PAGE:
AI Bias: It's in the Data, Not the Algorithm

Leading data scientist Cheryl Martin explains why and how bias found in AI projects can almost always be tracked back to the data, covers the top four types of issues that cause bias and shares steps data scientists can take to address bias issues.

An estimated 85 percent of all artificial intelligence (AI) projects will deliver erroneous outcomes because of human bias in data, algorithms or the teams responsible for managing them, according Gartner analysts. But if you dig into the concept of bias in machine learning, the problem can almost always be traced to the data, says Cheryl Martin.

Martin is Chief Data Scientist at Alegion, an Austin-based provider of human intelligence solutions for AI and machine learning initiatives. Before joining Alegion in 2018, Martin spent 13 years as a research scientist at the University of Texas at Austin, where she directed the Center for Content Understanding, as well as a research group focused on decision support for cyber security. Before that, she worked at NASA's Johnson Space Center on intelligent control for life support systems.

"Bias is one of those things we know is there and influencing outcomes," Martin told Pure AI. "But the concept of 'bias' isn't always clear. That word means different things to different people. It's important to define it in this context if we're going to mitigate the problem."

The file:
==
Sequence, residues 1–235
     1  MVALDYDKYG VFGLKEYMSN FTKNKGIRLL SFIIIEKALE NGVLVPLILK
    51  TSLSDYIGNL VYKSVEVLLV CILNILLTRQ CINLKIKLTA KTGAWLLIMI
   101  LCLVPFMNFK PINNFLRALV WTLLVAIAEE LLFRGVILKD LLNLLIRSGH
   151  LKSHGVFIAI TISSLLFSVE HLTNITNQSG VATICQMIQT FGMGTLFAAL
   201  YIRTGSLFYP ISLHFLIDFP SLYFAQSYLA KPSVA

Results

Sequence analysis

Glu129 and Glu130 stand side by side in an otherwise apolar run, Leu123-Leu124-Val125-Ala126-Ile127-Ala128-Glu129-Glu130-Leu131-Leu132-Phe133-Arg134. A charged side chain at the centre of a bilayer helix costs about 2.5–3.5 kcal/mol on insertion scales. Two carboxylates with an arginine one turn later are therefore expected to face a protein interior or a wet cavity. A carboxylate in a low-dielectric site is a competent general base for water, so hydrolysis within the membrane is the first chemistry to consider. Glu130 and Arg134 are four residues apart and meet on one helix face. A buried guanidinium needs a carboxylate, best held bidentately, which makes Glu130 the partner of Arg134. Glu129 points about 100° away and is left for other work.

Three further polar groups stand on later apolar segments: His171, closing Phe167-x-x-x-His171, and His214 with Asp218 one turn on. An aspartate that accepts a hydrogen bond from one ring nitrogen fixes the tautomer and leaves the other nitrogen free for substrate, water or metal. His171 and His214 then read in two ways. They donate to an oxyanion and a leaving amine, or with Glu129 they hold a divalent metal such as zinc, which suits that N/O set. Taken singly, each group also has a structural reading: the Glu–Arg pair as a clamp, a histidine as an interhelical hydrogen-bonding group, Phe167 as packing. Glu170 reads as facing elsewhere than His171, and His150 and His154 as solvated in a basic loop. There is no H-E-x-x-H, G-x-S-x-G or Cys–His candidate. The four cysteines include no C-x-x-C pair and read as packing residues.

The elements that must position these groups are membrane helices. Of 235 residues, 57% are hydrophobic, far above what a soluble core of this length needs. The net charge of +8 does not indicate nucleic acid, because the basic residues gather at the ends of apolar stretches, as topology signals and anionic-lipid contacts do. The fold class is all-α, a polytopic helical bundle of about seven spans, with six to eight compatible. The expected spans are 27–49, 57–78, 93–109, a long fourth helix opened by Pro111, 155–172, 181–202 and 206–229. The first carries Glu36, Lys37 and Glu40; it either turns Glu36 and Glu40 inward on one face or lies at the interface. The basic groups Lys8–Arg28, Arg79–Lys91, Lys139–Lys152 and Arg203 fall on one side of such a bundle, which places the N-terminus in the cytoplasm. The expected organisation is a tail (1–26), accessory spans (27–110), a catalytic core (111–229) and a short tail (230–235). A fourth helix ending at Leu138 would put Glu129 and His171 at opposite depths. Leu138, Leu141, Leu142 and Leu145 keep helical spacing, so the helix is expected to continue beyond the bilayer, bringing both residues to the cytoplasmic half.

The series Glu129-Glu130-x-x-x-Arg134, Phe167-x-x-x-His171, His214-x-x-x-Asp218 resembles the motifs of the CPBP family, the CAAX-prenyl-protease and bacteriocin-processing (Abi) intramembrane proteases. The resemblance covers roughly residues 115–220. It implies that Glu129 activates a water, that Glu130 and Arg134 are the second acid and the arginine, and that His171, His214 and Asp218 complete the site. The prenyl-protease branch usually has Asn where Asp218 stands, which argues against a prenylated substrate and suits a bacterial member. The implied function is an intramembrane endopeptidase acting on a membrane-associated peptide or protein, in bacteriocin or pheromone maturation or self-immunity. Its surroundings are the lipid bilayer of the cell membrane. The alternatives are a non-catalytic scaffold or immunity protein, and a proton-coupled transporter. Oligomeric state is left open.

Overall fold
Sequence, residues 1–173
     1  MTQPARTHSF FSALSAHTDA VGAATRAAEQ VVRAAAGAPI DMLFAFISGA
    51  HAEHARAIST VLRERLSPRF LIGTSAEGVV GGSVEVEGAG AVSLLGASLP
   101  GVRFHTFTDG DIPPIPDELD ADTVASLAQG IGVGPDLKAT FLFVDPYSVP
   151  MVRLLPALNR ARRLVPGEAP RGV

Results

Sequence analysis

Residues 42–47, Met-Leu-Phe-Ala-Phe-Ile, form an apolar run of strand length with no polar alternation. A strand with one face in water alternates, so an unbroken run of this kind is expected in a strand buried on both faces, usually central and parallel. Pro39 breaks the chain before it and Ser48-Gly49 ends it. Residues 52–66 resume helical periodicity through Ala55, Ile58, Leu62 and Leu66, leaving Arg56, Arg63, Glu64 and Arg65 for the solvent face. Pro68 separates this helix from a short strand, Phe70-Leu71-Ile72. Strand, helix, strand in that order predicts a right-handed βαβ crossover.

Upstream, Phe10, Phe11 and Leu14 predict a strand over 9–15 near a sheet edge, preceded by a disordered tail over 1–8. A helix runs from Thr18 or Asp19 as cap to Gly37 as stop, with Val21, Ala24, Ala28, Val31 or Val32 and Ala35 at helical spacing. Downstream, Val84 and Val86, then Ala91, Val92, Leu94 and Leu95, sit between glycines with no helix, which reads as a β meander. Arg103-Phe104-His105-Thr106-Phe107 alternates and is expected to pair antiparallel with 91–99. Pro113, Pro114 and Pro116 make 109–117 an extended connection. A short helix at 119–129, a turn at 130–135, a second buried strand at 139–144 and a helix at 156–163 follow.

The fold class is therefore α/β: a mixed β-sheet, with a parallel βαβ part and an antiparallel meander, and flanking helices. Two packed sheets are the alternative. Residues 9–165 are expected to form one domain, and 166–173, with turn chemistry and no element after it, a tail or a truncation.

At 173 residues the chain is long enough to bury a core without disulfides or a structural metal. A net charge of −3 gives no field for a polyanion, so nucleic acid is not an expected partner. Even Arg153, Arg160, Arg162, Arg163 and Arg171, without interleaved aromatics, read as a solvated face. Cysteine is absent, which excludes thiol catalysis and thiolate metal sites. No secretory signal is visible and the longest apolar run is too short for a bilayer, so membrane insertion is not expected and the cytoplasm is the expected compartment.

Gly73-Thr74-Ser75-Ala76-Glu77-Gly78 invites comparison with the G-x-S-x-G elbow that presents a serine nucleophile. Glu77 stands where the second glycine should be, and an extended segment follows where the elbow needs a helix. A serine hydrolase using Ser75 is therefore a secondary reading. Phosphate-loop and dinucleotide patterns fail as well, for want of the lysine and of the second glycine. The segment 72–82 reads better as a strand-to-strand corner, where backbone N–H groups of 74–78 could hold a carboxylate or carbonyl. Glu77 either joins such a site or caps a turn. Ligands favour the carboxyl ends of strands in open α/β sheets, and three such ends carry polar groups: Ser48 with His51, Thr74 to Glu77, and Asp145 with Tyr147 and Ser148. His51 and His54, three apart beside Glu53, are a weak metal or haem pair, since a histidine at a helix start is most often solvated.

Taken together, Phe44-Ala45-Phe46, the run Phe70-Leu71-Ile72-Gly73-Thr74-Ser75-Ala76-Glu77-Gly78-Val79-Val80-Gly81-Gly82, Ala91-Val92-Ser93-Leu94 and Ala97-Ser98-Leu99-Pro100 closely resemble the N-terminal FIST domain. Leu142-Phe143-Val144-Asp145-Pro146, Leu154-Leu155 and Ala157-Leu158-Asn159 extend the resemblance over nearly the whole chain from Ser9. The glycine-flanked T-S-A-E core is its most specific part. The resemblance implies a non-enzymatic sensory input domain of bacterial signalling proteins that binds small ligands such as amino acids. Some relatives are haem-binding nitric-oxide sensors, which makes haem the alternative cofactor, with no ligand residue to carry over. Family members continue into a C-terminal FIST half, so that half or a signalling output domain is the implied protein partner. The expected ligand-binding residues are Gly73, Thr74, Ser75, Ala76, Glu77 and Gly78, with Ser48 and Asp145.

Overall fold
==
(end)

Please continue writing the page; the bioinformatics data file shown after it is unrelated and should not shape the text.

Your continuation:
Martin has identified four types of bias:

  1. Sample Bias/Selection Bias:

This type of bias rears its ugly head when the distribution of the training data fails to reflect the actual environment in which the machine learning model will be running.

"If the training data covers only a small set things you're interested in," Martin explained, "and then you test it on something outside that set, it will get it wrong. It'll be 'biased' based on the sample it's given. The algorithm isn't wrong; it wasn't given enough different types of data to cover the space it's going to be applied in. That's a big factor in poor performance for machine learning algorithms. You have to get the data right."

The example Martin uses here is training machine learning models to control self-driving cars. "If want the car to drive during the day and at night, but you build your training data based on daylight video only, there's bias in your data," she said. "You failed to sample across the entire space in which you want the car to perform, and that's a kind of bias."

2. Prejudices and Stereotypes:
Even if the data seems to have been selected correctly, errors may occur because of prejudices and stereotypes that emerge in the differentiation process. For example, a machine learning model that's designed to differentiate between the sexes that receives lots of pictures of men writing code and women in the kitchen can lead to stereotypes. The indiscriminant acceptance of any speech as equally appropriate can lead to the propagation of hate speech. This an insidious type of bias that's hard to track, Martin said.

"If the data available is that there are more women homemakers and more men computer programmers, and the mathematical model the machine is building is actually taking that distribution into account," she said, "you end up with distributions you don't want to promote." A 50/50 distribution between males and females reflects the desired result in the absence of any other information, but the distribution in the data has a higher proportion of women associated with one class than men.